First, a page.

Irish State “failing to meet its obligations in relation to hate crime”, according to report by UL researchers

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Oct 2016 University of Limerick Campus General Views. Picture: Alan Place

The Irish State is failing to meet its obligations in relation to hate crime, a report being presented this morning to a United Nations Committee, by researchers based at University of Limerick (UL), has found.

Gardai have also come in for serious criticism in the report over its handling of hate crime.

The Hate and Hostility Research Group (HHRG), based at UL, was asked by the Coalition Against Hate Crime to write an alternative report for the UN Committee on the Elimination of All Forms of Racial Discrimination (CERD) on the issue of hate crime and related matters.

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The report is being presented at the United Nations in Geneva, by Dr Jennifer Schweppe and Dr Amanda Haynes of UL, along with Dr Sindy Joyce, an indigenous Mincéir, member of the Council of State, human rights activist and UL lecturer.

The report finds that a majority of previous recommendations by UN CERD have not been implemented by the Irish State.

“Ireland, and its police, are wilfully ignoring racial profiling, which is highlighted in the fact that children as young as four years of age were entered onto the Garda Pulse system and given criminal tag numbers,” Dr Joyce claimed.

Dr Haynes said today’s “hearings give us an important opportunity to highlight the policy vacuum in Ireland with respect to hate crime”.

The report examined four specific issues and presented findings and summary recommendations for each.

• Issue One relates to the Prohibition of Incitement to Hatred Act 1989 where the researchers found that it was not clear how many convictions there have been under the act; that civil society organisations, academics and practitioners have described the act as ineffective; and that the Irish Law Reform Commission considers the Act to be ineffectual in combatting online hate speech; according to the State in its reports to CERD, the Act has been undergoing review for almost two decades.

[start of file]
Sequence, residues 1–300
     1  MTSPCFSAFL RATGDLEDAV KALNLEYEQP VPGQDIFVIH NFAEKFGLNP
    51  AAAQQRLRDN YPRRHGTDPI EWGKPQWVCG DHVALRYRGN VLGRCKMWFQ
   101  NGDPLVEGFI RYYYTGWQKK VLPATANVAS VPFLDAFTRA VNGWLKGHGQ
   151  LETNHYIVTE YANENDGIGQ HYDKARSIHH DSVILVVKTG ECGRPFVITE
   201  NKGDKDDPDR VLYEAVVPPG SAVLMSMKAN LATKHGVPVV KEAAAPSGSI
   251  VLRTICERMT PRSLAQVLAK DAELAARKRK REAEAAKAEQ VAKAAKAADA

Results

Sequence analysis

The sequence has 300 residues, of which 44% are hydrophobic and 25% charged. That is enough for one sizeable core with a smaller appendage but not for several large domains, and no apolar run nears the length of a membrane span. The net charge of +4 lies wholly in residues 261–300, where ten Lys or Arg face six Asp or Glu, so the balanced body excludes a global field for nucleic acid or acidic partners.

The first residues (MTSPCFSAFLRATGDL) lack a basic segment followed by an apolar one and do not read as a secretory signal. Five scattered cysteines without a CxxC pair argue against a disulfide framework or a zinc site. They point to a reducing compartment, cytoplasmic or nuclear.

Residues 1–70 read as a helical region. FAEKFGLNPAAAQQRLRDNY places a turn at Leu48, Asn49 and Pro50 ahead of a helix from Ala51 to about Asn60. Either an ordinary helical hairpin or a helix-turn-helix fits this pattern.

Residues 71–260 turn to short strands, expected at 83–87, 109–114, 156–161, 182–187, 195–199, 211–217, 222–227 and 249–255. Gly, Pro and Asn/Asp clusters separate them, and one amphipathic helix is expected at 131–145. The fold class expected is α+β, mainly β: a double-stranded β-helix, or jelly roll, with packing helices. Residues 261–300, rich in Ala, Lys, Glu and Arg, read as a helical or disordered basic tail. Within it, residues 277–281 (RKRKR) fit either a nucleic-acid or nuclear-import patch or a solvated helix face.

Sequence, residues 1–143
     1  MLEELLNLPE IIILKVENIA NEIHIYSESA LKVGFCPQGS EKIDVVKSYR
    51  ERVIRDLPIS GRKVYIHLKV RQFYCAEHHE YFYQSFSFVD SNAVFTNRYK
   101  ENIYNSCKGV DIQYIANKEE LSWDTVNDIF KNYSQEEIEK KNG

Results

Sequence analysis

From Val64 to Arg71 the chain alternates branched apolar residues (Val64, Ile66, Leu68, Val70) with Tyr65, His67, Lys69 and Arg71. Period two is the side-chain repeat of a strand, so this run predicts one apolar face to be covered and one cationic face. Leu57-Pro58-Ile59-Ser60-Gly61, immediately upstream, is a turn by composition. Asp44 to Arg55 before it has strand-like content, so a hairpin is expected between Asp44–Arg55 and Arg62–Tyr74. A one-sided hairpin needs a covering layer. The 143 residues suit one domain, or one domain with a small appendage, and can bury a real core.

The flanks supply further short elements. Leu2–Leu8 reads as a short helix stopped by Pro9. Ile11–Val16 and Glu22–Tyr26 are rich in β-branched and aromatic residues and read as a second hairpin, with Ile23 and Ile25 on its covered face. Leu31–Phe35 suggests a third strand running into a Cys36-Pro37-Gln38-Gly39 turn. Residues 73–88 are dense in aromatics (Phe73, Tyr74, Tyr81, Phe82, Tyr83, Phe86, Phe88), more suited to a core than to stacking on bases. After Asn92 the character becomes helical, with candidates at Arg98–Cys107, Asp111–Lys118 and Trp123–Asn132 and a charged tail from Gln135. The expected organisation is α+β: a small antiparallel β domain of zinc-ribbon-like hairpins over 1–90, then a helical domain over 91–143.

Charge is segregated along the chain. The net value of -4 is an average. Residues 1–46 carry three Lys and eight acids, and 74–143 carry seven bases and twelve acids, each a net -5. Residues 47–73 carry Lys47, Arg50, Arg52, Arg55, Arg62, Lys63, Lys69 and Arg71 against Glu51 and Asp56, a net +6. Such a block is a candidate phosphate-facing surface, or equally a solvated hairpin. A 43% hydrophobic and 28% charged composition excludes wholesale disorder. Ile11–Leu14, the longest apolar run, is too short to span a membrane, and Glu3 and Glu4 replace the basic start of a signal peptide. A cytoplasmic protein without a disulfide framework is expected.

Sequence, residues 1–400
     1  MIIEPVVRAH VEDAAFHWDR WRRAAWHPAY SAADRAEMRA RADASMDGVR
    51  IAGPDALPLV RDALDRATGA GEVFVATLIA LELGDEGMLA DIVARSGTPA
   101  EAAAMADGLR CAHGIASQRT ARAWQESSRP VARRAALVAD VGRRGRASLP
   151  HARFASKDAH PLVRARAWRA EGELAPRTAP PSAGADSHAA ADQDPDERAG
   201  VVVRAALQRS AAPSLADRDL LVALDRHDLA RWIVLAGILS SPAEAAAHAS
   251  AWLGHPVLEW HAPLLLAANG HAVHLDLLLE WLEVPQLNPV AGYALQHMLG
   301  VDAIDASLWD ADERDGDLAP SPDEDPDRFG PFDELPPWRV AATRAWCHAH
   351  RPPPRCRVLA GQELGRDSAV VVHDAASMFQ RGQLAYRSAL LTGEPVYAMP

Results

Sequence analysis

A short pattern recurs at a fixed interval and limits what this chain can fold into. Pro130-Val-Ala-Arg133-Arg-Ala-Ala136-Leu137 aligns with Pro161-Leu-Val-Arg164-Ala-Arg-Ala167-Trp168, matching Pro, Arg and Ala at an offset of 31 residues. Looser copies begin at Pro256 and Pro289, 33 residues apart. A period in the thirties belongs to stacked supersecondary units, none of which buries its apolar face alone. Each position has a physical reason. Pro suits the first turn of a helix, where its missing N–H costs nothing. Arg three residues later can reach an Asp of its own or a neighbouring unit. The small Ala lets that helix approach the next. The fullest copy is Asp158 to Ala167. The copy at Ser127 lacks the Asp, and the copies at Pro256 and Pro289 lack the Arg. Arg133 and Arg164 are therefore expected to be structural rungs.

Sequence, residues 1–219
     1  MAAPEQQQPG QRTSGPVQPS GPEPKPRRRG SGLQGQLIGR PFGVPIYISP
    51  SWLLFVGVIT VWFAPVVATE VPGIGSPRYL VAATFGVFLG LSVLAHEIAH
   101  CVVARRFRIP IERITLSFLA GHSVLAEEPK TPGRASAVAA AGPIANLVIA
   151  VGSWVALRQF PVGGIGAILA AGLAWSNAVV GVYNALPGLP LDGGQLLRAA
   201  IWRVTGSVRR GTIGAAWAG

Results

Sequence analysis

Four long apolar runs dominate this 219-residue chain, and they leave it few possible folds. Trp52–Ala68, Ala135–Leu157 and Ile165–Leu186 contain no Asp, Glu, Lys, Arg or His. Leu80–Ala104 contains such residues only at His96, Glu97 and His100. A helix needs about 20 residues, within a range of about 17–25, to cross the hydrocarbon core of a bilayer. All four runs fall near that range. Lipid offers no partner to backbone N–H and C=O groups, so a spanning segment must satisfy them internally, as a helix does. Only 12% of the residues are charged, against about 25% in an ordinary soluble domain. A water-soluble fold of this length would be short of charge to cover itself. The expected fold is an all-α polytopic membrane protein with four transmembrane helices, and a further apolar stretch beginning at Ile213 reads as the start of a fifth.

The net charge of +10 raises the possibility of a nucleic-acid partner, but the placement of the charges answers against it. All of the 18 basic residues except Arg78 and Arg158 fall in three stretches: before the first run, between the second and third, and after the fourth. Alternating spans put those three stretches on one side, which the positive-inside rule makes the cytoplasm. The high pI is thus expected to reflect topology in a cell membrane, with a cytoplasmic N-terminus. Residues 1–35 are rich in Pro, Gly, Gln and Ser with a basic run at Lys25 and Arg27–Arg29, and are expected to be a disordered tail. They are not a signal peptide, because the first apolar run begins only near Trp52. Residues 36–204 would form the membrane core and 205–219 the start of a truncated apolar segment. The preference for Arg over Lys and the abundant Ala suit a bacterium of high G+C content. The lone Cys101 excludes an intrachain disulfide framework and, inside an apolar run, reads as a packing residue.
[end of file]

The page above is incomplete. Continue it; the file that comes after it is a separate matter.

A recently announced public consultation on the 1989 Act characterises its aims as addressing hate speech and asks the general population their views on protecting the rights of minority populations.

• Issue Two relates to hate crime, and summary findings include that data collected indicates that a majority of victims of hate crime in Ireland do not report to the police. The research also shows that the hate element of a crime is often ‘disappeared’ through the criminal process due to a lack of training and the absence of legislation; and that, according to the State in its own reports to CERD, the question as to whether hate crime legislation should be introduced has been under ongoing review for almost two decades.

• Issue Three related to racial profiling and its summary findings include that there is no clear statement in law as to the illegality of racial profiling; there is no official data on racial profiling available; there is no evidence that members of An Garda Siochana have received training in relation to racial profiling.

The report also stated that in October 2014 a newspaper reported that two Traveller children aged 4 and 5 were “recorded and given criminal tag numbers” in the national police crime incident database. A report of the Children’s Ombudsman also found that the actions of An Garda Siochana in removing a child from his Roma parents “conformed to the definition of ethnic profiling”, the report adds.

• Issue Four examined training in the criminal justice process and showed that there are only 247 Ethnic Liaison Officers (ELOs) available across the State, and the new Garda Diversity and Inclusion Strategy omits any reference, or commitment, to the role. Research has documented significant shortcomings in the training made available to ELOS and likewise to Gardai, and there has been no relevant judicial training, the report adds.

In twelve of 13 previous recommendations made by CERD to the State in previous concluding observations, the report finds that there they have either not been followed, or there is no available evidence to show that they have been followed or if they have been implemented or not.

The report also makes a series of its own recommendations, including publishing the outcomes of the Department of Justice and Equality’s review of the 1989 act “as a matter of urgency” and providing training across the criminal justice sector.

The State has had hate crime and hate speech under review for nearly two decades, without action,” Dr Schweppe explained.

“The Committee has chosen hate crime and incitement to hatred as two issues it specifically wants the State to address and we look forward to having a discussion with the Committee on these issues.”